A suitable computerized data acquisition system should have a fast sampling rate, especially for testing 4-stroke, single cylinder engines. By fast I mean at least 100 samples, of all sensor channels, per second (100Hz). A 200Hz logging rate is a bit better still. Why? Understand that, between spark plug firings there is a measurable drop in the instantaneous crankshaft torque and rpm. The crankshaft gets accelerated in the moments after combustion, and then begins to slow until almost two revolutions later the plug fires again. You can't feel these rapid highs and lows when driving around the track (with all that vehicle inertia), but the dynamometer will!

If you sample at only 50Hz, that’s only a single torque and rpm sample every other revolution (at 6,000 rpm)! Periodically, a series of samples will fall in synch with the firings of the plugs, while at other times sampling will fall in synch with the lower power compression strokes. By using a fast acquisition system to read each firing cycle multiple times, enough data is captured to average out this phenomenon. While experienced dyno operators see the same power curve in both graphs, inexperienced operator's would expect that it would be smooth "publication quality" line.

The ability of the acquisition system to average and dampen the data is mandatory for other reasons. At 200Hz you're getting 2,000 lines of data for even a ten-second dyno run. Who wants to always wade through 40-pages of data for a ten second run? Averaging both eliminates transient "noise" and produces more practical printout.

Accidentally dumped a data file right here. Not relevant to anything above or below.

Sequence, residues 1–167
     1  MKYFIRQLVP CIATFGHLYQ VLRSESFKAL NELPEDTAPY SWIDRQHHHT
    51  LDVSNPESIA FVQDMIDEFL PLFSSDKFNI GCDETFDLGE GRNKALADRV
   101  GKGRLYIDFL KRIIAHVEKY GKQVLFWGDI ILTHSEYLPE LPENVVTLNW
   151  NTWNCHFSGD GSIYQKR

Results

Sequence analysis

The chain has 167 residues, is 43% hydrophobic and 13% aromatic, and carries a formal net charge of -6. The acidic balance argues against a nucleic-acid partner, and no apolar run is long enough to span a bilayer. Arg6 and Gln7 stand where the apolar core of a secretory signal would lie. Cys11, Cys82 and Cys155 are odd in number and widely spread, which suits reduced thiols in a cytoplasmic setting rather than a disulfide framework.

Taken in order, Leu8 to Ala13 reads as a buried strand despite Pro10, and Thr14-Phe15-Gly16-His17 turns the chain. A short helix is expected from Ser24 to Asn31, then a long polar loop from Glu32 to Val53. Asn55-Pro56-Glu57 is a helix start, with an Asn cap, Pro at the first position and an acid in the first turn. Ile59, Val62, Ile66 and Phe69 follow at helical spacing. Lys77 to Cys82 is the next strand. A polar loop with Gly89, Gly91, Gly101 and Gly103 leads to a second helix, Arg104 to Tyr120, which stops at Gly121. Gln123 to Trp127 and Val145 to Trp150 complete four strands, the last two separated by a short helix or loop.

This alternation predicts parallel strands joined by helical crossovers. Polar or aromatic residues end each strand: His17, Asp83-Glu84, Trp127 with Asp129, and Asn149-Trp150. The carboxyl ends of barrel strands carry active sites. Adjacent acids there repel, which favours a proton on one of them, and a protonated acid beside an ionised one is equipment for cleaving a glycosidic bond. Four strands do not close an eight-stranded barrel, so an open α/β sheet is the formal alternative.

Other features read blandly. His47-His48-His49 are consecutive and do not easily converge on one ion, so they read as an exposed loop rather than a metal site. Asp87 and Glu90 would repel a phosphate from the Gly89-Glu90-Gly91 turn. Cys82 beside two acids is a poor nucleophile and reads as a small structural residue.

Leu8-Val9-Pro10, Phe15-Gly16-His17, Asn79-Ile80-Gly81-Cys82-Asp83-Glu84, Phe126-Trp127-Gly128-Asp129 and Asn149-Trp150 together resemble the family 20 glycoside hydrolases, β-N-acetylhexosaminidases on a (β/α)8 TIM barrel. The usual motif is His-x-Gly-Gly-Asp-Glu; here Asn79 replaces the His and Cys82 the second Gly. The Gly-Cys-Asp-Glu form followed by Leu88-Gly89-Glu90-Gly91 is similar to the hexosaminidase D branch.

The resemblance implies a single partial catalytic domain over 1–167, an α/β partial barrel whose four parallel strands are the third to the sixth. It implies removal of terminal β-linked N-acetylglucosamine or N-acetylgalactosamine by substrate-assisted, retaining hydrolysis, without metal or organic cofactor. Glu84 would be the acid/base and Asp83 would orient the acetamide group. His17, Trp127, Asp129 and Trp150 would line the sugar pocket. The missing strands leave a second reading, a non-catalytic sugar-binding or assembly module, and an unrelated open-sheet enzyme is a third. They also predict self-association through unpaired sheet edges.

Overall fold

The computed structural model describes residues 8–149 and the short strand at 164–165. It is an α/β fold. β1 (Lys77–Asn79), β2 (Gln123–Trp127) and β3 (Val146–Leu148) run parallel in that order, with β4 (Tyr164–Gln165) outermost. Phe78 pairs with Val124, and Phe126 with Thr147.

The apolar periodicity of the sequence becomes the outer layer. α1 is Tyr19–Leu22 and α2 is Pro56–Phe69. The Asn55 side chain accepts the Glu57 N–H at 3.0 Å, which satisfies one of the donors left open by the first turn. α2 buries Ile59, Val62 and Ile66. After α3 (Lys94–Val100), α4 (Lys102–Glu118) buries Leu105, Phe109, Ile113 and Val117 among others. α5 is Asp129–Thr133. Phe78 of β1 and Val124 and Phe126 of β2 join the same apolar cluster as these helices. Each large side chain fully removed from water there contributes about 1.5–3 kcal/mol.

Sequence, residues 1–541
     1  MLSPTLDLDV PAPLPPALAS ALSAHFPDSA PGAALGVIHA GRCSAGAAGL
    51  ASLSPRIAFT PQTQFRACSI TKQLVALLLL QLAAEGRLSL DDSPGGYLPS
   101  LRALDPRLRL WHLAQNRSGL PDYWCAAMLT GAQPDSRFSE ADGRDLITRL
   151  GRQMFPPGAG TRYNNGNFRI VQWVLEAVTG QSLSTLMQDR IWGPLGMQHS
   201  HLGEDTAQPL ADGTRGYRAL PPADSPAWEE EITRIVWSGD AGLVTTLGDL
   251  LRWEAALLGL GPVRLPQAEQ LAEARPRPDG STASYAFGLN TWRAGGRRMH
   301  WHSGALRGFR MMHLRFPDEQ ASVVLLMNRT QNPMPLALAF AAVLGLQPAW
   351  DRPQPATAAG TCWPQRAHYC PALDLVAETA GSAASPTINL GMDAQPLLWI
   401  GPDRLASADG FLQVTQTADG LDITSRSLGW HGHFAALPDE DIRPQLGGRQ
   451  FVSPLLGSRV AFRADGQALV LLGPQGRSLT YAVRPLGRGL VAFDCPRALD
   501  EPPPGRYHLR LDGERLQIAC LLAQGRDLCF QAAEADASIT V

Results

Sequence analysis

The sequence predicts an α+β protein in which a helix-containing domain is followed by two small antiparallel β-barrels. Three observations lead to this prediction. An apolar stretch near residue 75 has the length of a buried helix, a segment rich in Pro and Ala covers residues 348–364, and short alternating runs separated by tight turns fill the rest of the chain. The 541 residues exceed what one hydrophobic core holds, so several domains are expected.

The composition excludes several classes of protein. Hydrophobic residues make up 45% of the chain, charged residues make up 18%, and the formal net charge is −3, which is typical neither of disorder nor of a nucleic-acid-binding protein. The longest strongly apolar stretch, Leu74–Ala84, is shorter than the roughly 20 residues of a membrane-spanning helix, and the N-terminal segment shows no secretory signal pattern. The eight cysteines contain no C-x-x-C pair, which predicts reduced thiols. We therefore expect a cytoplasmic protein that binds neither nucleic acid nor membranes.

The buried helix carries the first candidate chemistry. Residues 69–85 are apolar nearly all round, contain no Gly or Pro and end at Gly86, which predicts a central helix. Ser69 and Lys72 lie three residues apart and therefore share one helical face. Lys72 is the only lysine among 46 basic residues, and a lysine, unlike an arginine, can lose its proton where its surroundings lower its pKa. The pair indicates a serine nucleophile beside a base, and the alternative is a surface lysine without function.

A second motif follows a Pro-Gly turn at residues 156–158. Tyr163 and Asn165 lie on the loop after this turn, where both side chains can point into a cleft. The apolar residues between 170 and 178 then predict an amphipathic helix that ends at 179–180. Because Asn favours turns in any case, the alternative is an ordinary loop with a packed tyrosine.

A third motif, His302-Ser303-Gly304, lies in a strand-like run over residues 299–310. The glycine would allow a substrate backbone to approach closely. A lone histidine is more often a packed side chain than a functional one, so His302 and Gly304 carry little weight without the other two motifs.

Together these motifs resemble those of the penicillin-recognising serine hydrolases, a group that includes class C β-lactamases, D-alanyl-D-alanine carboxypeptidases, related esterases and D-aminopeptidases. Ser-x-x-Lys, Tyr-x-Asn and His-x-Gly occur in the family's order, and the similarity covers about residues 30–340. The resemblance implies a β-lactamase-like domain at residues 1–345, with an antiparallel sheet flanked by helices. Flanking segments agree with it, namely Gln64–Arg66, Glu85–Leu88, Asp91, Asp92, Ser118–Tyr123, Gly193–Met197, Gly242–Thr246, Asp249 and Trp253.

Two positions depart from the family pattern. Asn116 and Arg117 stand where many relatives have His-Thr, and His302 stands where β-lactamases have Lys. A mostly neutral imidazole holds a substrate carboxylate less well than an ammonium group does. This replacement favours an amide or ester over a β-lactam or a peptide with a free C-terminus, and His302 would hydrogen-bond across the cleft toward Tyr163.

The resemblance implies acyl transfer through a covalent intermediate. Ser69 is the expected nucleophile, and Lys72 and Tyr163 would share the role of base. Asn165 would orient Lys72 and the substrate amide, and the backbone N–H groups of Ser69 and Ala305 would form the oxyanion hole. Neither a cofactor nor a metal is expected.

A computer that only logs horsepower, torque, rpm, and time may be all your testing requires. It will certainly put you several notches ahead of those without in-house dynamometers. But, for more advanced engine development there is much more you'll want to capture.

Weather data, meaning air temperature, barometric pressure, and humidity are something that needs to be noted for each dyno test session. As you are aware, lower barometric pressures, higher air temperatures and humidity will lower an engines power output (and vice versa). Without doing atmospheric correction, data taken under other conditions cannot be directly compared. Dynamometers often come with the atmospheric correction tables found in many engineering handbooks. These tables have factors for the various weather conditions, which you multiply against your observed torque data. "Corrected" data is a closer estimate of what the engine would have produced had it been tested under, for example, "standard" atmospheric conditions. Good data acquisition software should allow entering or recording these conditions and automatically calculate the correct data.